School receives lower than normal heath inspection score; officials say they’re fixing issues
PENDER COUNTY, NC (WECT) - A septic drain field filling with sewage was the biggest reason Malpass Corner Elementary School received a health inspection score of 81.5, according to a supervisor with the county’s heath department. The inspection was done March 8.
Vence Dodge, who did the inspection for the health department, said sewage was redirected to one of the two other fields, and a drain that was failing was turned off this week. According to Darren LaFon, the Chief Operations Officer for Pender County Schools, the failure filled the area with standing water as well.
According to Dodge, this problem knocked the school down 150 points. Those points factor into about a 15-point drop in the overall health score.
Dodge said the problem could’ve been caused by damage from Hurricane Florence, maintenance neglect by the septic operator, or a combination of the two.
While sewage was filling the fields, Dodge said no one was ever in danger. The field is located on the north side of the school in an area that’s only accessible to the health department, the operator and school management.
“Your children were in no way harmed,” he said.
LaFon said even though no one was in harm’s way, students’ safety is their number one priority.
“We welcome inspectors when they come because 99 times out of 100 ,they don’t find any issues or they find minor issues. This, also, is pretty much a minor issue, but when they come if they find something that we need to fix, we always want to get it fixed as quickly as possible," LaFon said.
“They [the health department] let us know if there is a safety issue for the kids, and in this case, there was no safety issue whatsoever. There was no reason to send the kids home or do anything like that, but we like when the inspectors come. Obviously we don’t like when they find things wrong, but when they do, it’s good so we can get things fixed," LaFon said.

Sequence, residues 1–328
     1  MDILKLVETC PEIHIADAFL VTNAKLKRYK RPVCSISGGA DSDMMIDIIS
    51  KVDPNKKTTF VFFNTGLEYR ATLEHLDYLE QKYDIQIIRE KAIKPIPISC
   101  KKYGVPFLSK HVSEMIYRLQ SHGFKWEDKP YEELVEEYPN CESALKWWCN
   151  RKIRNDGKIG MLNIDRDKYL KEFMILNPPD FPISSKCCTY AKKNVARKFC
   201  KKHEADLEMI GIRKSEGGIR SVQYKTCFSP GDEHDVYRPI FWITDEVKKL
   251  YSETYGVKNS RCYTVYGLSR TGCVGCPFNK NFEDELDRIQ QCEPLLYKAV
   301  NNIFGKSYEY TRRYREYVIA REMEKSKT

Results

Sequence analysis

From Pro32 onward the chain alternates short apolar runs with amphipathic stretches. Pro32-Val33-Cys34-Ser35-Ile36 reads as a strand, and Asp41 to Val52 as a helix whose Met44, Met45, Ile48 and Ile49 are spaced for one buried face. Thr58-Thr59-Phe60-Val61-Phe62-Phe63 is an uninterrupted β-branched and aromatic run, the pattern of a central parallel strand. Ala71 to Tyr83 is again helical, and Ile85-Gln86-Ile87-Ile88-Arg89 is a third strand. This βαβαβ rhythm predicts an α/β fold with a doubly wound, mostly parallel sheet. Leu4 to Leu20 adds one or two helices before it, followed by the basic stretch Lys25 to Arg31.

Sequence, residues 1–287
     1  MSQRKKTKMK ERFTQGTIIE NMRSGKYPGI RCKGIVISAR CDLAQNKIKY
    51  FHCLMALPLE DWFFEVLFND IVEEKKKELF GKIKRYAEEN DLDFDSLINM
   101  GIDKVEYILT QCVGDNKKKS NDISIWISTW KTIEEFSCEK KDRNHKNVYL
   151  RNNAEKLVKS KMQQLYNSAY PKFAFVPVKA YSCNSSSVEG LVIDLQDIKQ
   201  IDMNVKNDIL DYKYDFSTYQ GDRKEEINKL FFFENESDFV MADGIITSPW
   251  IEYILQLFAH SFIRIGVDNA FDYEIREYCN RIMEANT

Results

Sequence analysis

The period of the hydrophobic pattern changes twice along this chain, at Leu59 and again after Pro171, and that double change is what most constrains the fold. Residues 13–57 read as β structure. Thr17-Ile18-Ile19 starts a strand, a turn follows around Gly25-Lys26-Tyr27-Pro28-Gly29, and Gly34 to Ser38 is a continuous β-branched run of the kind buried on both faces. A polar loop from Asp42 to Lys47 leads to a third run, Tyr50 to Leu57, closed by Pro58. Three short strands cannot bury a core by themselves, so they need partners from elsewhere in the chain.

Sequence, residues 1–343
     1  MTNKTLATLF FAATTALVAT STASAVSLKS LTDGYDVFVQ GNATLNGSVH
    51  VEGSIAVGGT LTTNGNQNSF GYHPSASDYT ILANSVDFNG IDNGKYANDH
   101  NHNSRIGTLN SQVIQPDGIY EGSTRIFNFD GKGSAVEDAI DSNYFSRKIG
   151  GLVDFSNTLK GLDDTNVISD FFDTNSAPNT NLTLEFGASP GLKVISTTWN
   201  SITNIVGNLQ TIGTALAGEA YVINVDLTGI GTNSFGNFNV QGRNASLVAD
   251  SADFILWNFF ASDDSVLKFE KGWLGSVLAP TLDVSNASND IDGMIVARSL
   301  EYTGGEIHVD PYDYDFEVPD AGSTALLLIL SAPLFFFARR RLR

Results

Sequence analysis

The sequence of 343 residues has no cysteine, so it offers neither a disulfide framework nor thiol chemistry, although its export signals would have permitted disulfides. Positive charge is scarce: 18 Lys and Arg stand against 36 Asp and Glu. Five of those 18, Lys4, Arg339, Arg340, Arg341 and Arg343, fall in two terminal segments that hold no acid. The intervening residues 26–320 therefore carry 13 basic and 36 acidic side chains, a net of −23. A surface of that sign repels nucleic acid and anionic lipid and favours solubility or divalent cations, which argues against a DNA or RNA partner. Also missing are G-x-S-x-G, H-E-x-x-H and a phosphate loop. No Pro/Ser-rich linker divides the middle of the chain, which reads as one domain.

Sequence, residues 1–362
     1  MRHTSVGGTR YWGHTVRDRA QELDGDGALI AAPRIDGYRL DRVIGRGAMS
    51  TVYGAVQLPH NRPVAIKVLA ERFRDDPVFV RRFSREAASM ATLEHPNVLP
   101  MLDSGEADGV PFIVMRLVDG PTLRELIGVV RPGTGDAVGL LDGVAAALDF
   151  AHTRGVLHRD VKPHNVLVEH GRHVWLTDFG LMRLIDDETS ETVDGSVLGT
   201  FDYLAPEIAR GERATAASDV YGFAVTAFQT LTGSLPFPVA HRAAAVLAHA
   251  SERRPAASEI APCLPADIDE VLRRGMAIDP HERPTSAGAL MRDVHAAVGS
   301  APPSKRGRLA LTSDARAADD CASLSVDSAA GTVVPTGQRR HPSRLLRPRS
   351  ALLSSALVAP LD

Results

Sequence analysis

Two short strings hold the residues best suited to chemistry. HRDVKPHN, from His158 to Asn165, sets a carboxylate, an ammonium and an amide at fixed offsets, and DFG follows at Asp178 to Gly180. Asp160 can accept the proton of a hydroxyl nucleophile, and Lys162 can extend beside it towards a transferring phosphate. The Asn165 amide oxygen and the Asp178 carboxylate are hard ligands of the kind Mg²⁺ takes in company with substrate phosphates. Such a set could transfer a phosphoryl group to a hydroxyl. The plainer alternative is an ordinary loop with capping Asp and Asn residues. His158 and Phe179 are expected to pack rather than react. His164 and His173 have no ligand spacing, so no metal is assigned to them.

Dodge said the school also got deductions for drinking fountains located in the hand washing sinks. He explained the older design of the school combined the water fountains and sinks.
“Due to cross contamination, we just don’t want that,” he said.
LaFon said the fountains had been capped off a while ago and weren’t in use. They have now taken off the entire fountain head.
Due to the wear and tear over the building’s 20 plus years, Dodge also suggested the school system replace about 50 percent of the toilet seats. He said they have dings and cracks in them because of old age. LaFon said they have done that as well.
The school system is also in the process of replacing ceiling tiles and some floors damaged by Hurricane Florence.
Dodge plans to go back Wednesday or Thursday to reinspect the school now that the septic issue is fixed. He predicted the score to rise to a 95 or a 96.
Schools are required to be inspected by the health department in Pender County annually.
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